At last week’s United Nations climate negotiations in Sharm el-Sheik, Egypt, finance questions were at the top of the agenda. At stake was how countries—particularly in the developing world—can afford much-needed investments that reduce carbon emissions, and adapt their infrastructure to a rapidly changing climate.
While governments spar over the resources needed to address climate change, they overlook the fact that law—in particular, international legal protections of foreign investments—can fundamentally alter the calculations of potential foreign investors.
A new international treaty that provides special legal protections for climate-positive private foreign investments should be part of the broader strategy to close the climate funding gap.
Growing Need for Climate Investment
The gap between the resources needed and those available to address climate change is growing. The UN estimates that climate adaptation may require as much as $340 billion annually by 2030 and developing countries alone may need up to $1 trillion a year to meet their current pledges to reduce carbon emissions.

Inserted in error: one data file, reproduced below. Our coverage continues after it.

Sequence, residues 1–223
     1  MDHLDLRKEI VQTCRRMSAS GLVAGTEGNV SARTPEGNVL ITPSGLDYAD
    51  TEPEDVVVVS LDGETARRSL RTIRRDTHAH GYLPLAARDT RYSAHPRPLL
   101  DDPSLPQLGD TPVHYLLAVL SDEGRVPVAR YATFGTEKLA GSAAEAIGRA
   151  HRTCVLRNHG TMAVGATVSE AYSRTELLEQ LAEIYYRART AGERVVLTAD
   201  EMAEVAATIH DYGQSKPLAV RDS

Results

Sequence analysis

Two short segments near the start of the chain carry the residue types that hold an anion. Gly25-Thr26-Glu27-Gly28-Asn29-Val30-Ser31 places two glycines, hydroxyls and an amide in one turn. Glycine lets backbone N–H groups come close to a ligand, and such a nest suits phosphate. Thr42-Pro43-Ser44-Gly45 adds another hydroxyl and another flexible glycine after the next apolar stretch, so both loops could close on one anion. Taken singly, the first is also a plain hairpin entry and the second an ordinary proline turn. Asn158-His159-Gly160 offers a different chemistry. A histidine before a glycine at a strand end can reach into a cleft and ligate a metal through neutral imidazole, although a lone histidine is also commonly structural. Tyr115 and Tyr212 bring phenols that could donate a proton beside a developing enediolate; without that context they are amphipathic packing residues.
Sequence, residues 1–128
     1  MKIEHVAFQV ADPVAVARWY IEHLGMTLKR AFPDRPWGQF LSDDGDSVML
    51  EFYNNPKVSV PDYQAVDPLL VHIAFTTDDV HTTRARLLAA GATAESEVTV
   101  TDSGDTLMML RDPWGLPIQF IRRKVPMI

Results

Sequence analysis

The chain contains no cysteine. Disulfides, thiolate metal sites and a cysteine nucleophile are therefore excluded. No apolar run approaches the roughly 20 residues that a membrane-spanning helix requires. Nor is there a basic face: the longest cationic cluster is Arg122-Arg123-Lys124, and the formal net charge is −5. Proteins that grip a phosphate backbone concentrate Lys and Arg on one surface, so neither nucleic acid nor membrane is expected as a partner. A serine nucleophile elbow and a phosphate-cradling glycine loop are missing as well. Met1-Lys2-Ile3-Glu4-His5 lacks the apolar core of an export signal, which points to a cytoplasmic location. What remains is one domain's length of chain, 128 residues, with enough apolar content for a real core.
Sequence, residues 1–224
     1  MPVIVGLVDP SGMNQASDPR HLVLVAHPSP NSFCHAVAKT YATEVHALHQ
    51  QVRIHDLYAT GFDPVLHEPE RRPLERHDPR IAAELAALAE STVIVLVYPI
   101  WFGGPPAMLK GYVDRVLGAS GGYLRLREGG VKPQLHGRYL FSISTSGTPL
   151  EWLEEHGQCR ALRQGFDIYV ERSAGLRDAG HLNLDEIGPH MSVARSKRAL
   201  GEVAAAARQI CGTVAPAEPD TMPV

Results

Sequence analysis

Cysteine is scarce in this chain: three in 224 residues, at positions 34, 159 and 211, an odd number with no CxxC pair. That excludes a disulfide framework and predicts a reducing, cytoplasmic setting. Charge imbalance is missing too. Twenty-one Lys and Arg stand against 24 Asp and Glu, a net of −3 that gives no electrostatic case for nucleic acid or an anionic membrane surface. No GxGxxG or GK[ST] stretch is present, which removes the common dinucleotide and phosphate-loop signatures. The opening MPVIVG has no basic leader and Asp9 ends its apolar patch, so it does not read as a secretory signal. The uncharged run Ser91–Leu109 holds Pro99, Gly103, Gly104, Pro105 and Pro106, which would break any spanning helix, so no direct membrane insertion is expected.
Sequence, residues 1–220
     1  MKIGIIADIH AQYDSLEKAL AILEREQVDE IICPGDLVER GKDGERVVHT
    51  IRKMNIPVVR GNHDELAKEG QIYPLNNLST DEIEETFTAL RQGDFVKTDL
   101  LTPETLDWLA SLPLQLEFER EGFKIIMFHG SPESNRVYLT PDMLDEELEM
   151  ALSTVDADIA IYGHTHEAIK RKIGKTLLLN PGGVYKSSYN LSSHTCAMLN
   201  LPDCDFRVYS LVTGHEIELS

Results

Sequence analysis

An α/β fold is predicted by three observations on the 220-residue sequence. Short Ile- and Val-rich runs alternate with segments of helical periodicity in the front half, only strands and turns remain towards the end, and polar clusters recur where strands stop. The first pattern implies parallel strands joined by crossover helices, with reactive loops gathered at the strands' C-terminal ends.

The only way to meet developing countries’ climate finance needs is to maximize the private money flowing to the developing world in conjunction with robust multilateral climate finance. Even as debates continue over who should pay for climate change, countries can use the tools of international law to incentivize private businesses to make foreign investments that advance climate mitigation and adaptation.
For better or worse, private finance is fundamentally driven by profit. Investments across borders are made when investors believe the returns on an investment will be greater than the risks.
Given the imperative of making climate funding available to the developing world at the lowest possible cost, we must reduce the risks to private financial flows to the developing world. John Kerry, former US Senator and US Special Presidential Envoy for Climate Change, recently noted the urgent need to “take the risk out of the deal” so that private capital, which is typically risk-averse, will make meaningful contributions to climate finance.